HomeLatest ThreadsGreatest ThreadsForums & GroupsMy SubscriptionsMy Posts
DU Home » Latest Threads » Forums & Groups » Topics » Environment & Energy » Environment & Energy (Group) » What these ancient shipwr...

Mon Mar 7, 2016, 04:28 PM

What these ancient shipwrecks could be telling us about climate change

Last edited Tue Mar 8, 2016, 01:32 AM - Edit history (2)

What these ancient shipwrecks could be telling us about climate change
By Chris Mooney March 7 at 3:11 PM

Inventive new research has found a surprising way of investigating the relationship between hurricanes and climate change — by examining the history of Spanish shipwrecks in the Caribbean Sea during a planetary cool period in the late 17th and 18th century.

The result, based on comparisons between tree rings from the Florida Keys and a historical record of shipwrecks, finds that there were far fewer hurricanes, or tropical cyclones, from 1645 through 1715, when the planet went through what is called the “Maunder Minimum.” This was an era in which very low sunspot activity correlated with relatively cooler temperatures here on the Earth (the Maunder Minimum was part of a cooler period known to climate history as the “Little Ice Age”).

“We see a severe reduction in the hurricane activity that overlaps perfectly with the Maunder Minimum,” said Valerie Trouet, a researcher with the Laboratory of Tree-Ring Research at the University of Arizona, who conducted the work with colleagues from the University of Southern Mississippi and the University of Santiago de Compostela in Spain. The study appeared Monday in the Proceedings of the National Academy of Sciences.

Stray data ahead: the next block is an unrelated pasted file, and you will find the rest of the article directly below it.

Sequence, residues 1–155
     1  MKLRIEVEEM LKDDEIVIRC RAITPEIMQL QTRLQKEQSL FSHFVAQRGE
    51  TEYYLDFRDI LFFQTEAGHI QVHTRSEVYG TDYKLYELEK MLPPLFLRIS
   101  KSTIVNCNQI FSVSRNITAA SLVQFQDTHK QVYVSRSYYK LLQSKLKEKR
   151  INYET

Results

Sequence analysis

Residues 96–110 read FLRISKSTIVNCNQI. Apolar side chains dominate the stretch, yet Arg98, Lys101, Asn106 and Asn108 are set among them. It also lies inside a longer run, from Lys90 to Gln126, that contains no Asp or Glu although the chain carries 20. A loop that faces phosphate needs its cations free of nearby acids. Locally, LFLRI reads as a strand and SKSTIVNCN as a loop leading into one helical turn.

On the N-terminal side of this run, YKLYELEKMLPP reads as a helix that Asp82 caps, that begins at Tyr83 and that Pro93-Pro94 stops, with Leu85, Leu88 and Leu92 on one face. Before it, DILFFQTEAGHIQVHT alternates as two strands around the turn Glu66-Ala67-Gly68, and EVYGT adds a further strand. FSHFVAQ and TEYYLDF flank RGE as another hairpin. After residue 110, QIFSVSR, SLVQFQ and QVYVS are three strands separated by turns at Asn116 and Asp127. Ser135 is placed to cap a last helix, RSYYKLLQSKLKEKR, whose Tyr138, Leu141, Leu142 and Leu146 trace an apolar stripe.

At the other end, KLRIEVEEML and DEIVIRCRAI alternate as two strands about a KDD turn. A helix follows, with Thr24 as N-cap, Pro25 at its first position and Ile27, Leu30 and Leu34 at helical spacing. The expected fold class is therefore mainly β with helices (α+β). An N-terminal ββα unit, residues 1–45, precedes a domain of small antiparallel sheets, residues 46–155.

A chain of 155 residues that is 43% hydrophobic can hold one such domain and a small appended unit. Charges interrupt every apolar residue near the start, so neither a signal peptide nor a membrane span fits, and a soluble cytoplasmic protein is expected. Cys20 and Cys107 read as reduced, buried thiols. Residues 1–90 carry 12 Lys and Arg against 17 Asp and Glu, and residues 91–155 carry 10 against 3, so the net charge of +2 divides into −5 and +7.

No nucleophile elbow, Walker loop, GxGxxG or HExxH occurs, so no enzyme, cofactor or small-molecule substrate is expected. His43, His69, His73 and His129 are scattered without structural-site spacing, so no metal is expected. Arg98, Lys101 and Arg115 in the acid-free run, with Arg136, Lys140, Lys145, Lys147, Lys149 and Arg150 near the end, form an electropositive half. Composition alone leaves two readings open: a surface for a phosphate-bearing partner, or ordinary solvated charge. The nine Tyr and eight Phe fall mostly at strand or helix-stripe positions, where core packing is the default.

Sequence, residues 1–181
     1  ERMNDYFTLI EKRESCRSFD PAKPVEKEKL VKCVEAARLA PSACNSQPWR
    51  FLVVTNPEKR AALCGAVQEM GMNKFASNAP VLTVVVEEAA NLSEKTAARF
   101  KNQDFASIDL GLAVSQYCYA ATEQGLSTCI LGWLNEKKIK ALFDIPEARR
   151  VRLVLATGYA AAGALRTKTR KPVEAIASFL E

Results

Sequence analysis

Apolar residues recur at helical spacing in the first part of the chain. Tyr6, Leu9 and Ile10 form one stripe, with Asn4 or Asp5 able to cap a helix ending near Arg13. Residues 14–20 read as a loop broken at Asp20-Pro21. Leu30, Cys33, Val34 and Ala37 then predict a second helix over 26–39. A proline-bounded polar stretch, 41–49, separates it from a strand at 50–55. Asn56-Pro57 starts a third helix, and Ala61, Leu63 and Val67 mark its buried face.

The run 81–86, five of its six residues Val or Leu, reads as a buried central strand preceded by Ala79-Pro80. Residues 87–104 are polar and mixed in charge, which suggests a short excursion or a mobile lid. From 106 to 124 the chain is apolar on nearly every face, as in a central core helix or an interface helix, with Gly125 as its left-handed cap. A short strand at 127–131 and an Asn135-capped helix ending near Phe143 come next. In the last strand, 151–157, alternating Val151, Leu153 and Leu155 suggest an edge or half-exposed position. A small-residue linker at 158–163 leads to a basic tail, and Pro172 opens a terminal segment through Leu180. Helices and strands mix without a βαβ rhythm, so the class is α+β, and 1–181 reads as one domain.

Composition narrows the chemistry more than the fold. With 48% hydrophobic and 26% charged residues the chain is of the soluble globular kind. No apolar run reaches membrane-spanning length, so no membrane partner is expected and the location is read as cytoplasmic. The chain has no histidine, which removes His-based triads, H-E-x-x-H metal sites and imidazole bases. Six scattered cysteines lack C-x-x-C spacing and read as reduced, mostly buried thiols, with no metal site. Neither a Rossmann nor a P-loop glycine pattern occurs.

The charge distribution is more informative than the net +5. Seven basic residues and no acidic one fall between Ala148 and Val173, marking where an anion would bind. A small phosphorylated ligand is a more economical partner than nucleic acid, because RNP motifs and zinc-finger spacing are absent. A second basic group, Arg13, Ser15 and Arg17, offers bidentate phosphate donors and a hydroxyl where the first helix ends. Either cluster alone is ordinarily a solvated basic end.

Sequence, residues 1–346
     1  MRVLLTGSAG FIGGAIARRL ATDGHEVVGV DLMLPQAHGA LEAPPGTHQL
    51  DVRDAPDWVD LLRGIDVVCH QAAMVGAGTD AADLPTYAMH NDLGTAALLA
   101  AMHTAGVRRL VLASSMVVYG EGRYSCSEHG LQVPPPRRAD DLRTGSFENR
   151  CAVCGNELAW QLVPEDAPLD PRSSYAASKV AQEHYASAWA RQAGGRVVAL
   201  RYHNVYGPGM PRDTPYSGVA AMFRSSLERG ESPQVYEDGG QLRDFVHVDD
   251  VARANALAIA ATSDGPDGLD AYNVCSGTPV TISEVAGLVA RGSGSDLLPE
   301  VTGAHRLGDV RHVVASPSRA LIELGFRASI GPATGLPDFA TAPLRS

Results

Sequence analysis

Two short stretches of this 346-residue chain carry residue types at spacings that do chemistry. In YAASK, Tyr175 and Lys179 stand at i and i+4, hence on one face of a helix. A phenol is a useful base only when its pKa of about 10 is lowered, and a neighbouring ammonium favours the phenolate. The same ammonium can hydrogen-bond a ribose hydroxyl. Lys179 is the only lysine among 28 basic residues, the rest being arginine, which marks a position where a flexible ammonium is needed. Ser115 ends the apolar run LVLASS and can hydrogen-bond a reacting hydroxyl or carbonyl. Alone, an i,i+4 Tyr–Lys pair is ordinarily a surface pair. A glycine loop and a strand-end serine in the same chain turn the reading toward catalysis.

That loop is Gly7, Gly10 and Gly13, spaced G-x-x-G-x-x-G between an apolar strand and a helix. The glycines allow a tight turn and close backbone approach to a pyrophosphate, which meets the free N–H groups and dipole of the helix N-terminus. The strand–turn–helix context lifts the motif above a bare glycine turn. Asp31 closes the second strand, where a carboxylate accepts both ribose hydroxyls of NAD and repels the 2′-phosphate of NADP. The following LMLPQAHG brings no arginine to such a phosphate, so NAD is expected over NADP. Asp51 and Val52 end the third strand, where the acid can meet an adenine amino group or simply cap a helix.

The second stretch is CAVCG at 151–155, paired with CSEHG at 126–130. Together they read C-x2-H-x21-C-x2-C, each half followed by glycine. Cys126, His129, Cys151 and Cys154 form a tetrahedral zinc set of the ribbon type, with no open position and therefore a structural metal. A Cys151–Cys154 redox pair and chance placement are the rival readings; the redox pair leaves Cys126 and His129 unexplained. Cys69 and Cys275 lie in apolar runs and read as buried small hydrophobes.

The result does not lead to any forecast when it comes to the hurricanes of the future, but at the same time, it’s certainly suggestive. After all, hurricanes derive their energy from the heat stored in tropical oceans. If seas are cooler — as they were between 1645 and 1715, when the Earth received less radiation from the sun — then there’s less explosive energy for storms to draw upon. If they’re warmer, as they are today, then all else being equal, there’s more opportunity for extreme storm intensification.


1 replies, 648 views

Reply to this thread

Back to top Alert abuse

Always highlight: 10 newest replies | Replies posted after I mark a forum
Replies to this discussion thread
Arrow 1 replies Author Time Post
Reply What these ancient shipwrecks could be telling us about climate change (Original post)
Judi Lynn Mar 2016 OP
eppur_se_muova Mar 2016 #1

Response to Judi Lynn (Original post)

Mon Mar 7, 2016, 06:34 PM

1. Odd way to violate the four-paragraph limit. :^) nt

Reply to this post

Back to top Alert abuse Link here Permalink

Reply to this thread